But they didn’t come back. Caribou numbers fell so precipitously during the latter half of the last century that what had once been a “sea of caribou” was more like a smattering of puddles. In 2013, the last surviving member of a herd known as the Burnt Pine died after falling into a coal pit. Around the same time, an aerial count revealed the nearby Klinse-Za herd had dwindled to 38 individuals.
For the Nations, that moment was a turning point, according to Naomi Owens-Beek, a biologist and the treaty rights and environmental protection director for the Saulteau First Nations. “Either we were going to see another herd extirpated,” she says, “or we were going to do something.”
That something started with the first-ever caribou forum that brought together government and industry representatives, University of British Columbia scientists, and citizens of the Nations, including elders, to discuss what could be done to save the Klinse-Za. The group devised a plan that incorporated both short- and long-term strategies. They would work to recover the population of the Klinse-Za herd through wolf reduction and maternal penning while also beginning a years-long campaign to create a federally protected habitat for the caribou.
The first phase, predator reductions, began in 2013. The provincial government hired contractors to carry out wolf culling from helicopters (a method unpopular with the general public) while the Nations tackled wolf reductions on the ground. “We trap and we use the fur,” says Willson. “It’s not our way to just destroy something.” With wolf populations thinned to a more sustainable level, the team got to work on the maternal penning phase of the project.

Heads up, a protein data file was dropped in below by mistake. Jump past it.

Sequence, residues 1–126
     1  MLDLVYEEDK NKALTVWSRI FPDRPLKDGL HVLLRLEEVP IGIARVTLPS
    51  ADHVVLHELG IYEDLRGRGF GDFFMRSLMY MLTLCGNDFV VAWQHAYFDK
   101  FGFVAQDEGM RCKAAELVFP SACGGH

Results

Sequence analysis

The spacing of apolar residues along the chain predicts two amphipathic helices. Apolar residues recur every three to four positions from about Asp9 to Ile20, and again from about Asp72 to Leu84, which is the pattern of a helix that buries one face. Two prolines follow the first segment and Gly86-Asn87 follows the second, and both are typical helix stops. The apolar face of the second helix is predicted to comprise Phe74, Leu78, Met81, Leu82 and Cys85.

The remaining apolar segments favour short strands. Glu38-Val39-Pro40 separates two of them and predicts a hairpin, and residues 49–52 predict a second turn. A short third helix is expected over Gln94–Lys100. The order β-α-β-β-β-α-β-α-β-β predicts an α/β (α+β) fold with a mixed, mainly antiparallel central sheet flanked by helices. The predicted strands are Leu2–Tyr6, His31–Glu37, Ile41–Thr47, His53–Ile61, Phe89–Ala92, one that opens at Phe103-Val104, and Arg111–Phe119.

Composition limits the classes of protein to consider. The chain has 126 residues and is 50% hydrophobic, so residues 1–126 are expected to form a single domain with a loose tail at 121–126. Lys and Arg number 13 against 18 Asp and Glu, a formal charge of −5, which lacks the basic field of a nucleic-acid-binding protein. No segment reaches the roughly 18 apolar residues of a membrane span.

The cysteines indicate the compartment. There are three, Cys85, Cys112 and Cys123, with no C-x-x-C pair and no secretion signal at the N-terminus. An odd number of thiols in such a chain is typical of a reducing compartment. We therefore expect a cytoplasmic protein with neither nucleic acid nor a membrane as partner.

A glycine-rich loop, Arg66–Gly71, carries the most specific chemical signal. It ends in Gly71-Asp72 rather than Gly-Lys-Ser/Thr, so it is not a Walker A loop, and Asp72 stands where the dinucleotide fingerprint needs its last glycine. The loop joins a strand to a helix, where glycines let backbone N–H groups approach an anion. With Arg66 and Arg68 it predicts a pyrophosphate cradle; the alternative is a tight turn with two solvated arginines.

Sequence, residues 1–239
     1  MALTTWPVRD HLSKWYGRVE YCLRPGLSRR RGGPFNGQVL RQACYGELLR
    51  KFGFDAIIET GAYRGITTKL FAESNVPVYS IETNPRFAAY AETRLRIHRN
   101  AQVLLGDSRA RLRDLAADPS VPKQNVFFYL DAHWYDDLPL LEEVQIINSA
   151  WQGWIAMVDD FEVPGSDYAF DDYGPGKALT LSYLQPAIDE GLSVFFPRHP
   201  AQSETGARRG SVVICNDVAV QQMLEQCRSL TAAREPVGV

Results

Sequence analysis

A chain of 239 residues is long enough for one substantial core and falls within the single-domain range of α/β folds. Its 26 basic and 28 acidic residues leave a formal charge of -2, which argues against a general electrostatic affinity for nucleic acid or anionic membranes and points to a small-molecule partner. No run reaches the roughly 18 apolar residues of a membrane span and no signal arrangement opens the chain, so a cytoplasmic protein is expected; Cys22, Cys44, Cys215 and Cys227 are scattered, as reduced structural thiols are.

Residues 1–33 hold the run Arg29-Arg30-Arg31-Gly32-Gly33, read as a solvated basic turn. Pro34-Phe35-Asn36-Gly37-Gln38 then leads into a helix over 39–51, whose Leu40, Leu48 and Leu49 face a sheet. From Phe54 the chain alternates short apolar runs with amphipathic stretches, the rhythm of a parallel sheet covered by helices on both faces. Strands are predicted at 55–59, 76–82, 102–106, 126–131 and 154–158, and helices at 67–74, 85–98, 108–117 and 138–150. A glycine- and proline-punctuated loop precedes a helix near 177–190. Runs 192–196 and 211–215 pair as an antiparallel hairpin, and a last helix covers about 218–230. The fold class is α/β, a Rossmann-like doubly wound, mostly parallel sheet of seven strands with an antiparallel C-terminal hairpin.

In March of 2014, the relocation effort began. First, a team of wildlife experts tranquilized, trapped, and then transported via helicopter as many caribou cows as they could. The 10 animals were carefully delivered one-by-one to a staging area and then loaded onto a sled attached to a snowmobile to be introduced to the maternal pen without the disruptive wind and roar of a helicopter.
Owens-Beek’s job was to sit in the sled and hold the caribou still in case it began to wake from its sedation before the ride was over. “The whole time, I’d just be praying that she would have a good life—and that she would be pregnant,” the biologist says.
Once the cows were safely in the pen, Indigenous team members known as “caribou guardians” kept watch over the enclosure 24 hours a day, living in pairs for one week at a time in an austere alpine cabin. The guardians monitored the animals’ health, checked the fence line for predators, and fed the caribou from the many bags of lichen that Richter and her crews had gathered. As calves were born, guardians measured and collared them, and ensured cows recovered properly. When the calves were six weeks old, the team released the animals and their mothers back into the wild.